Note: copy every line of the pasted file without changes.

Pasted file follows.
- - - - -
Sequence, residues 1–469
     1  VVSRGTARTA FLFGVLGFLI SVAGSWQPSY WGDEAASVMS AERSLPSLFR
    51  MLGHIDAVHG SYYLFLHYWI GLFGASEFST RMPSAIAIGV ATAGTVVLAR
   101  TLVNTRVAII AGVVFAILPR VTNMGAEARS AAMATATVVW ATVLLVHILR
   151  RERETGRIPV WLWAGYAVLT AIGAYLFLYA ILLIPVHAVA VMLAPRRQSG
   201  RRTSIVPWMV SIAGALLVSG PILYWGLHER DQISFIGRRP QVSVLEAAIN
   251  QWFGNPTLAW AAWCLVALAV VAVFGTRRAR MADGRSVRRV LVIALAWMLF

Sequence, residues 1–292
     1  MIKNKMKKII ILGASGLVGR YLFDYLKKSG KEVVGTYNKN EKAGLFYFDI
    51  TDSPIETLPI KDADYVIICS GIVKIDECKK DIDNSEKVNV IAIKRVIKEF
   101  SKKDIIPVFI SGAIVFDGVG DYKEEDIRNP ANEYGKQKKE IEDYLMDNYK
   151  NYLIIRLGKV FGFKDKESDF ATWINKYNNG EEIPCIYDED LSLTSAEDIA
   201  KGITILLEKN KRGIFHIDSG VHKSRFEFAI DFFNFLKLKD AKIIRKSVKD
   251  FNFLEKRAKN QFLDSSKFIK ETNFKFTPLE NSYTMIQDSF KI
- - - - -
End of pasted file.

Sequence, residues 1–469
     1  VVSRGTARTA FLFGVLGFLI SVAGSWQPSY WGDEAASVMS AERSLPSLFR
    51  MLGHIDAVHG SYYLFLHYWI GLFGASEFST RMPSAIAIGV ATAGTVVLAR
   101  TLVNTRVAII AGVVFAILPR VTNMGAEARS AAMATATVVW ATVLLVHILR
   151  RERETGRIPV WLWAGYAVLT AIGAYLFLYA ILLIPVHAVA VMLAPRRQSG
   201  RRTSIVPWMV SIAGALLVSG PILYWGLHER DQISFIGRRP QVSVLEAAIN
   251  QWFGNPTLAW AAWCLVALAV VAVFGTRRAR MADGRSVRRV LVIALAWMLF

Sequence, residues 1–292
     1  MIKNKMKKII ILGASGLVGR YLFDYLKKSG KEVVGTYNKN EKAGLFYFDI
    51  TDSPIETLPI KDADYVIICS GIVKIDECKK DIDNSEKVNV IAIKRVIKEF
   101  SKKDIIPVFI SGAIVFDGVG DYKEEDIRNP ANEYGKQKKE IEDYLMDNYK
   151  NYLIIRLGKV FGFKDKESDF ATWINKYNNG EEIPCIYDED LSLTSAEDIA
   201  KGITILLEKN KRGIFHIDSG VHKSRFEFAI DFFNFLKLKD AKIIRKSVKD
   251  FNFLEKRAKN QFLDSSKFIK ETNFKFTPLE NSYTMIQDSF KI